3. Laura says:

    I am excited to see how this week goes for you!

    You’re pictures of products from Super Target make me a little bit sad….. I moved half way across the US this past summer and my new location doesn’t have a Super Target… I miss it!

  4. barbara says:

    Looking good so far Jen. I like the look of those scallion pancakes. I make a David Lebovitz recipe for Korean pancakes which are similar but not as thick as yours.

  5. Kim says:

    I live alone but love to eat. And to bake, not necessarily in that order. Like you, I don’t usually think about having the choice to select the good meat or the extra fancy ingredient. I’ll be watching your project this week and thinking about my own options.

  6. Kristin says:

    Keep your lottle attitude! I’ve got an acquaintance who thinks that everyone can help themselves if they really want to & that the government is just enabling them when they help, and…uh oh, my bp is rising just thinking about her…better go start the cookies I’m making for my daughter’s marching band buds. I’m enjoying your project.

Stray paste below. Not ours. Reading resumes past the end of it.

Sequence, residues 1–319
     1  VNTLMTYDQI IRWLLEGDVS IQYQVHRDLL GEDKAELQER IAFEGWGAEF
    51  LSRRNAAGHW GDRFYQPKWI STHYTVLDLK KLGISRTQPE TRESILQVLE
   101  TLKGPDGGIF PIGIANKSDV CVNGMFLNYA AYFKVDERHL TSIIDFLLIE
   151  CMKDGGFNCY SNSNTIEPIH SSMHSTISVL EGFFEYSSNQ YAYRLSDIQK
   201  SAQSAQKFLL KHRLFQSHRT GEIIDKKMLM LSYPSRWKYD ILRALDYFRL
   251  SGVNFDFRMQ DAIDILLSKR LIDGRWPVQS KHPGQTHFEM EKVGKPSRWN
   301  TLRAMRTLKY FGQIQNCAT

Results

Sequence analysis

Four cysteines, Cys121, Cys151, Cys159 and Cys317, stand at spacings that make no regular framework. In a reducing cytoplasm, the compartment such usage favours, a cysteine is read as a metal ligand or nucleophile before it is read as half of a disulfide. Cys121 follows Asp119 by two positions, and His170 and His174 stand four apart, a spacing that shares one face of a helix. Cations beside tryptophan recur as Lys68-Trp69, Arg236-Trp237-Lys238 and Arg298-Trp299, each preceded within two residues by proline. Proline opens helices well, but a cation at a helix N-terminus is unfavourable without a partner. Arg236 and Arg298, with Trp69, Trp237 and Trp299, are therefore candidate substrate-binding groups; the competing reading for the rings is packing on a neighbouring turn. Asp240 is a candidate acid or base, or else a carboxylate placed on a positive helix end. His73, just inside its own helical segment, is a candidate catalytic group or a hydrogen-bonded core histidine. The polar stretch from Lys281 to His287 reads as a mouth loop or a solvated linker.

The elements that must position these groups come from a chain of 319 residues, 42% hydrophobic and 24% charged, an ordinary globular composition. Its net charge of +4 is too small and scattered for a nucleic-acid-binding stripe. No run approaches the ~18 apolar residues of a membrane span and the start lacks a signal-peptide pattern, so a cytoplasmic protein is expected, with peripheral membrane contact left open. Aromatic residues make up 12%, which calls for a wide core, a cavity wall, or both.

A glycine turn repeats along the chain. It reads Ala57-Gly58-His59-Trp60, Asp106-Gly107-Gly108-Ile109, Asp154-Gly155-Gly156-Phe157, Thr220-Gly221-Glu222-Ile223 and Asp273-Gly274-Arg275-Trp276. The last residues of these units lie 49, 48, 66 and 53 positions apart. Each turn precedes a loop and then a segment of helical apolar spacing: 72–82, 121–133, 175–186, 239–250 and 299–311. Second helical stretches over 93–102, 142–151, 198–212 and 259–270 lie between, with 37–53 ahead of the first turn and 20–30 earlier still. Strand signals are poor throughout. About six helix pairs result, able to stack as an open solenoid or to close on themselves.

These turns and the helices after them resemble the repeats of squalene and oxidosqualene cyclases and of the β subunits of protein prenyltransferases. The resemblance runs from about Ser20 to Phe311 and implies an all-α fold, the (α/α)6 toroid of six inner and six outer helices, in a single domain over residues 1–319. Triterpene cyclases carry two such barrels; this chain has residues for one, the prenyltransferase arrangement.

7. tami says:

    WOW! What an amazing first post! I love all of your observations – the time and the ability to actually source out cheaper ingredients is a luxury that most don’t have. You’re awesome, as usual :) xoxo – t*

  8. kellypea says:

    I’m paying attention big time. Especially on having to go to 3 stores which is what I find. Then “saving” starts to be about fuel consumption, too. I find cheap staples at a big box market (Food for Less) once a week when I take my son to music lessons. Buttah for about $1.89/lb. Less expensive cuts of meat (beef shanks for 50 cents less/lb. than my regular market), eggs, and milk, too. Great idea you’ve got here. Loving the scallion pancakes and the soy sauce chicken. Mmmm…

  9. Fiona says:

    That looks really good. And full of nutrition.

    Your point about shopping is well-taken. Families where everyone works really cannot easily do that kind of shopping, and if they have children the need to shop for bargains so intensively cuts into their ability to do other things with their kids.